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91 Cards in this Set

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What is insurable interest?
To purchase insurance, the policyowner must face the possibility of losing money or something of value in the event of a loss. This must exist at the time of application.
Name 3 instances in which insurable interest exists?
* An applicant insuring his or her own life
* An applicant insuring the life of a family member (reative or spouse).
* An applicant insuring the life of a business partner, key employee, or someone who has a financial obligation to him.
What are the six personal uses of life insurance?
Cash Accumulation
Liquidity
Estate Creation
Viatical Settlements
Estate Conservation
Survival Protection
What is survivor protection?
When the death of the primary wage earner will usually stop the flow of income to a family. Equally financially devastating can be the death of a nonworking spouse who cares for minor children. Planning for his requires careful examination of current assets and liability as determining what survivor's needs may be.
What is estate creation?
When a person may make a living through, earnings, savings, and investments over a period of time, but all of these methods require disciplined action. If time is not available, they all will fail. The purchase of life insurance, in the event of death, makes an immediate estate. This type of insurance is important for young families that are getting started and have not yet had time to accumulate assets.
What is cash accumulation?
When life insurance may be used to make specific amount of monies for specific needs and guarantees that the amount of money will be available when needed.
What is liquidity?
The death benefit is liquid. Or a permanent life insurance policy that will have loan or surrender values that the policyowner may access.
What is estate conservation?
When life insurance proceeds is used to pay state inheritance taxes and federal estate taxes so that it is not necessary to sell off assets from the estate to pay the cost.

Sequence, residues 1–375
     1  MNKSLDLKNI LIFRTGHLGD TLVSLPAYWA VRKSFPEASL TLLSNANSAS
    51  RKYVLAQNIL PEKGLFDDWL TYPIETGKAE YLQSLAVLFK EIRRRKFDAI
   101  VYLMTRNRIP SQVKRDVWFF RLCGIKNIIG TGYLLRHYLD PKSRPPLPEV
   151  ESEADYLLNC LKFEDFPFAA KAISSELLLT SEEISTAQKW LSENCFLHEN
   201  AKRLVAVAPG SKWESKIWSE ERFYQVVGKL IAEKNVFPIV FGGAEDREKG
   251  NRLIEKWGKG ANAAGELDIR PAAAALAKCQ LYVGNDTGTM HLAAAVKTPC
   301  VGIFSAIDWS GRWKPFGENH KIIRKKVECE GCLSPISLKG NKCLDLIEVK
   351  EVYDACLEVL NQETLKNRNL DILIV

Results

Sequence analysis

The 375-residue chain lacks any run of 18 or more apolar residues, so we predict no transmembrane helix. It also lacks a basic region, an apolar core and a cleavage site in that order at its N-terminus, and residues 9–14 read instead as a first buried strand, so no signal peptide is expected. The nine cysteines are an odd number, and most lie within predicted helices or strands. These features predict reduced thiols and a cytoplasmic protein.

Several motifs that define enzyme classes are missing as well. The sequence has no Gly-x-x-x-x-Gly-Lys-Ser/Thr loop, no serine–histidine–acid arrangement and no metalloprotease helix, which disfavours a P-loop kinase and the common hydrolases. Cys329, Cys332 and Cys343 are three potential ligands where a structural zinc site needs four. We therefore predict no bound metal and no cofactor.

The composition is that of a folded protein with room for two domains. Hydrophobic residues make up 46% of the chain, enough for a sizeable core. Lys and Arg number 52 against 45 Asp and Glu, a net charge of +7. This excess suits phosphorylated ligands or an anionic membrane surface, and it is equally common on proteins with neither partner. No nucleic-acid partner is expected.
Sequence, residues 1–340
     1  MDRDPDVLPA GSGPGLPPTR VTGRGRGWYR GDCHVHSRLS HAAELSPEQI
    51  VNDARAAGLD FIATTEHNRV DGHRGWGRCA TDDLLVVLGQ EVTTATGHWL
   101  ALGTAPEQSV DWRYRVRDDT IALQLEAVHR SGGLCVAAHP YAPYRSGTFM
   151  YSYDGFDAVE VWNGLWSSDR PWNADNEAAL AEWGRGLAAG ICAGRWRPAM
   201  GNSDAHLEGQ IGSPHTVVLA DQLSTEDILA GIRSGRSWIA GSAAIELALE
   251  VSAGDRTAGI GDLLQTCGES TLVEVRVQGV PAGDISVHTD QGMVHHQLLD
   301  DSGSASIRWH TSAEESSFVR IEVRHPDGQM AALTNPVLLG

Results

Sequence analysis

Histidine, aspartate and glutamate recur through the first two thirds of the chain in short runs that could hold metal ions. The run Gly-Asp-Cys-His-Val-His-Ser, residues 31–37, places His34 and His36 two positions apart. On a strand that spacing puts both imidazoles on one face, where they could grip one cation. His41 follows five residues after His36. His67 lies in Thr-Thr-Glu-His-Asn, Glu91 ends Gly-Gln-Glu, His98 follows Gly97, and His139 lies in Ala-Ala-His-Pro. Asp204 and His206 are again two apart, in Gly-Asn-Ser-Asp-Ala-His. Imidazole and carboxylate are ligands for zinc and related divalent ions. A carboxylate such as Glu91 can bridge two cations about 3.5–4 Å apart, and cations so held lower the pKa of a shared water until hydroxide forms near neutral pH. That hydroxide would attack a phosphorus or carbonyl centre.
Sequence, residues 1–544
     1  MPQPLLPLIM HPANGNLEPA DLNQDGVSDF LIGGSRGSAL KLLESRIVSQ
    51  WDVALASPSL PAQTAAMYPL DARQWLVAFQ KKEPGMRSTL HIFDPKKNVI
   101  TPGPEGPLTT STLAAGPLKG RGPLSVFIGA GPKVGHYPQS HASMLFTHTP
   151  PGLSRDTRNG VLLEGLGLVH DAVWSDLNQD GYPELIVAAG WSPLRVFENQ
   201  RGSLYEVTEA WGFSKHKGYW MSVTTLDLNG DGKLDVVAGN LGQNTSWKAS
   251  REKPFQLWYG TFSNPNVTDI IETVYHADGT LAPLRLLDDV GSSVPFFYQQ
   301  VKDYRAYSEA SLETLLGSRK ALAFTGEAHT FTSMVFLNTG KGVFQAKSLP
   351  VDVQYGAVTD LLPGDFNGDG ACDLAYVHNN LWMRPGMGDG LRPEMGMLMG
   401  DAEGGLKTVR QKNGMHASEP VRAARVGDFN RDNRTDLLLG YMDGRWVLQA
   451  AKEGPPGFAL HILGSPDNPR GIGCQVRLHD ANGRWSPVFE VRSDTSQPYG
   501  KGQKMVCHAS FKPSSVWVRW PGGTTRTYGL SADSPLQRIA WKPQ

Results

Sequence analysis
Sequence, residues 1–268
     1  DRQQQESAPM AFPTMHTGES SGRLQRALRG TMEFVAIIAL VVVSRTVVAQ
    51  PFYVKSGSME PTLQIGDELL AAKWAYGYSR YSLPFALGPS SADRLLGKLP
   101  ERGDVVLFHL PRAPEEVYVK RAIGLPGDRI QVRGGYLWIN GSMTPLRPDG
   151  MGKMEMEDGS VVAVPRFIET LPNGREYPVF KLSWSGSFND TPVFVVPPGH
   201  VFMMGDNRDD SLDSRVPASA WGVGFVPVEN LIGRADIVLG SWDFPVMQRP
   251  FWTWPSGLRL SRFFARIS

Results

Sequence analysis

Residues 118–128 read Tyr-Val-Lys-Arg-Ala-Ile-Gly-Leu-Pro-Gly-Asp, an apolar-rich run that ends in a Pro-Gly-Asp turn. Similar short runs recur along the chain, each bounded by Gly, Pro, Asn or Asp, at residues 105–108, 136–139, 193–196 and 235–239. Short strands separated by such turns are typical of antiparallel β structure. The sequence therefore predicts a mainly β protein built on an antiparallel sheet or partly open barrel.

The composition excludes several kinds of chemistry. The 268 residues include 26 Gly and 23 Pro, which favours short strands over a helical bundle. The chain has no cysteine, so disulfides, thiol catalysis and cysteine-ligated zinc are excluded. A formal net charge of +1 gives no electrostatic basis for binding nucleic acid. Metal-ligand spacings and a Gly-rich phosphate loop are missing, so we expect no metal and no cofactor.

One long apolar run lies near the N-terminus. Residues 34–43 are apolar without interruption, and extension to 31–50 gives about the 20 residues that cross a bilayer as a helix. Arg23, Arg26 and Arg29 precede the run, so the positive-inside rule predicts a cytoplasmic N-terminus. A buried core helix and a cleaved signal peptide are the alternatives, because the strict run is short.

What is viatical settlements?
This a insurance that allow someone living with a life threating condition to sell their existing life insurance policy and use the proceeds when they are most needed, before their death. They usually receive a percentage of the policy's face value from the person who purchased the policy. The new owner continues to maintain the premium payments and will eventually collect the entire death benefit.
In a Viatical Settlement what does the owner receive when the policy is sold?
The new owner continues to maintain the premium payments and will eventually collect the entire death benefit.
What is human life value approach?
This replaces future income potential or probable future earnings. This method requires the calculation of the probable future earnings of the insured using wages, inflation, the number of years in retirement, and the time value of money. This method will give the insured an estimate of what would be lost to the family in the event of the premature death of the insured
What is the needs appoach?
Immediate!!! This approach in purchasing life insurance is based on the predicted needs of a family after the premature death of the insured. This method provides the proper amount of coverage immediately. When using this approach, "always assume that the insured's death will occur immediately.